The Heberle Lab published their research “Investigation of the domain line tension in asymmetric vesicles prepared via hemifusion” Biochimica et Biophysica Acta Biomembranes.
The plasma membrane (PM) is asymmetric in lipid composition. The distinct and characteristic lipid compositions of the exoplasmic and cytoplasmic leaflets lead to different lipid-lipid interactions and physical-chemical properties in each leaflet. The exoplasmic leaflet possesses an intrinsic ability to form coexisting ordered and disordered fluid domains, whereas the cytoplasmic leaflet seems to form a single fluid phase.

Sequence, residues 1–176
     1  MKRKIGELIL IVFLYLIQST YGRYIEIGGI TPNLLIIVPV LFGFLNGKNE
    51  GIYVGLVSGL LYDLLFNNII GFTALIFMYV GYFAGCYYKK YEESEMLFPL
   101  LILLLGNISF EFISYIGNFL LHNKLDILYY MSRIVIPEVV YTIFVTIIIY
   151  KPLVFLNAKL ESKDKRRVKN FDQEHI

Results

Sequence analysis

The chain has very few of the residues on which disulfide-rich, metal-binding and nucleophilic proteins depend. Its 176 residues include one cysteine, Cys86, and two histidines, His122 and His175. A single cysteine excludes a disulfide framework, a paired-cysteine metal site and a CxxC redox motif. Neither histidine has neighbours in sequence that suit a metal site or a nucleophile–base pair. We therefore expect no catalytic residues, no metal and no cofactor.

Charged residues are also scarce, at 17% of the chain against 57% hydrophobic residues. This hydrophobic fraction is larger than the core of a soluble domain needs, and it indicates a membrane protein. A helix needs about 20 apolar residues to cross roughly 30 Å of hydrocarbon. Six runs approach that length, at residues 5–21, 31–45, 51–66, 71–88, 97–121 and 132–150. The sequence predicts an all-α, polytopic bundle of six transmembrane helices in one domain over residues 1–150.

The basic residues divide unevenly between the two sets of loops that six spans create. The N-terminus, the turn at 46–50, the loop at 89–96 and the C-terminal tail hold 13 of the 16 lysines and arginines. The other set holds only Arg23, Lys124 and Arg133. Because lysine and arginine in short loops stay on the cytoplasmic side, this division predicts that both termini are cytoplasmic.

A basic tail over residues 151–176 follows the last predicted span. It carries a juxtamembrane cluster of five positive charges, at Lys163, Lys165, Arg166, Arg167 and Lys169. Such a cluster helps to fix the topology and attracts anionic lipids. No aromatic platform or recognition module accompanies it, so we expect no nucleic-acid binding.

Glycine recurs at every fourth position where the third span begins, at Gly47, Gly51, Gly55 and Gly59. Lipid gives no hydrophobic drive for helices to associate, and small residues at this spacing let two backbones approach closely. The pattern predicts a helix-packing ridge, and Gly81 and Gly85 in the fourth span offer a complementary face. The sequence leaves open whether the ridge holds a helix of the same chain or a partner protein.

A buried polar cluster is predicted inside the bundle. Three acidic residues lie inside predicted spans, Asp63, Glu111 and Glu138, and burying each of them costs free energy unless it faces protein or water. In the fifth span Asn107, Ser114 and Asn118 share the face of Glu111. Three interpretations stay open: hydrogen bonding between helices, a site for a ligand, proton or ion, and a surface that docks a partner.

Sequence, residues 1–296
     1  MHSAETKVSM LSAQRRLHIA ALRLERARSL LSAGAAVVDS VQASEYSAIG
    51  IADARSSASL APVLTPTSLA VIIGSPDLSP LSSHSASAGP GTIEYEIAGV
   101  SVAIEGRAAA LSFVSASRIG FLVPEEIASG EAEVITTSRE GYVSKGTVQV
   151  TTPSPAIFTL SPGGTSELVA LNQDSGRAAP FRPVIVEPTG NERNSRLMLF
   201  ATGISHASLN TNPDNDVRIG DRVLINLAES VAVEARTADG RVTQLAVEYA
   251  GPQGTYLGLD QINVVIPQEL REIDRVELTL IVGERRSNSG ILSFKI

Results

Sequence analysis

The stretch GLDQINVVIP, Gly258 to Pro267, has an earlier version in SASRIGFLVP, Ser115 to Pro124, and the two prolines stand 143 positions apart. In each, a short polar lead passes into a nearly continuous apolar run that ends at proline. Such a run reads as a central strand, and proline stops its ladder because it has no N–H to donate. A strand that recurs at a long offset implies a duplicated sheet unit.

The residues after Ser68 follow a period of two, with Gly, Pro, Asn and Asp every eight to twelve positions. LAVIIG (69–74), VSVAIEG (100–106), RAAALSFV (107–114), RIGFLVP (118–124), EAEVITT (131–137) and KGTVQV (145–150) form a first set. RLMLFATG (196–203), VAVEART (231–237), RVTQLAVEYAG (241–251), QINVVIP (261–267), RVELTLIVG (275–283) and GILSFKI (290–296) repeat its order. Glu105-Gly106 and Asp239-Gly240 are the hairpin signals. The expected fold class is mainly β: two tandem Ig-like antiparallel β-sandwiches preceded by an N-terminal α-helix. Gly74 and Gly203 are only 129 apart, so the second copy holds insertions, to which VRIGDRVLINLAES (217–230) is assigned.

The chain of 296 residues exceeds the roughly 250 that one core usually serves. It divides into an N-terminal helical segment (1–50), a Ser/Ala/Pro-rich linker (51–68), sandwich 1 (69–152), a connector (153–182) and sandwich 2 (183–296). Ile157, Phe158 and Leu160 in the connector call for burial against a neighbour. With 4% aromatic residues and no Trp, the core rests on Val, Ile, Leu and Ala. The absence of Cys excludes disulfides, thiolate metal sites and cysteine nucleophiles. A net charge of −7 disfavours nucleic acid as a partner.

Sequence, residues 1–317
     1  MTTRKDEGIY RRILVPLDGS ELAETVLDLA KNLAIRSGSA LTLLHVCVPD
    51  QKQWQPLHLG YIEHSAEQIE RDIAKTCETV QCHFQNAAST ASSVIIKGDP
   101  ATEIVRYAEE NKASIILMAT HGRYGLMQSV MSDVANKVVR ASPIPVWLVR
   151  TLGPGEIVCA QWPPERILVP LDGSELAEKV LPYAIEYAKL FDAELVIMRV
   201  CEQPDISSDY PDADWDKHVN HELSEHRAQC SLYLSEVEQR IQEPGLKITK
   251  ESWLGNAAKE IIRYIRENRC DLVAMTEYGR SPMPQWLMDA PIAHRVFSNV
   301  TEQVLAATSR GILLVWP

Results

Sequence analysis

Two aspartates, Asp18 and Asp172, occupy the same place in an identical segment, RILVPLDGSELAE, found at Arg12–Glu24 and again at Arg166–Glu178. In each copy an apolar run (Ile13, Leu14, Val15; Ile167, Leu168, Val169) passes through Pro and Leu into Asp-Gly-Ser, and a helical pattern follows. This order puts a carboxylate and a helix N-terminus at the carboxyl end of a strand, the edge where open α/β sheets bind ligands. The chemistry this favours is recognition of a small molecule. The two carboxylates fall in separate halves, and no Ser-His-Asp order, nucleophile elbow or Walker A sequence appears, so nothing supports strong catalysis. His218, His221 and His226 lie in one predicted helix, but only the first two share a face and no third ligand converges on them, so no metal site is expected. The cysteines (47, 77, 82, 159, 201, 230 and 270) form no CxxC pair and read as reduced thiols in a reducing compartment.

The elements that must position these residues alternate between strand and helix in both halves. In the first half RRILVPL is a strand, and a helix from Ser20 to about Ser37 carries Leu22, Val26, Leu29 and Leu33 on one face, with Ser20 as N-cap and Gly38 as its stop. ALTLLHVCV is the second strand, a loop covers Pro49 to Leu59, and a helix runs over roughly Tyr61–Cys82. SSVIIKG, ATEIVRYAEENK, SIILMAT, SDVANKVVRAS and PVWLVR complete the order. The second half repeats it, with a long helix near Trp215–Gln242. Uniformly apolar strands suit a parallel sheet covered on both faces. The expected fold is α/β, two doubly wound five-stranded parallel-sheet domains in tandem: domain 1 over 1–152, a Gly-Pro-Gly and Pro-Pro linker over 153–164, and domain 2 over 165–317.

To better understand the interleaflet interactions that influence domains, the lab compared asymmetric model membranes that capture salient properties of the PM with simpler symmetric membranes. Using asymmetric giant unilamellar vesicles (aGUVs) prepared by hemifusion with a supported lipid bilayer, they investigate the domain line tension that characterizes the behavior of coexisting ordered + disordered domains. The line tension can be related to the contact perimeter of the different phases. Compared to macroscopic phase separation, the appearance of modulated phases was found to be a robust indicator of a decrease in domain line tension. Symmetric GUVs of 1,2-distearoyl-sn-glycero-3-phosphocholine (DSPC)/1,2-dioleoyl-sn-glycero-3-phosphocholine (DOPC)/1-palmitoyl-2-oleoyl-glycero-3-phosphocholine (POPC)/cholesterol (chol) were formed into aGUVs by replacing the GUV outer leaflet with DOPC/chol = 0.8/0.2 in order to create a cytoplasmic leaflet model. These aGUVs revealed lower line tension for the ordered + disordered domains of the exoplasmic model leaflet.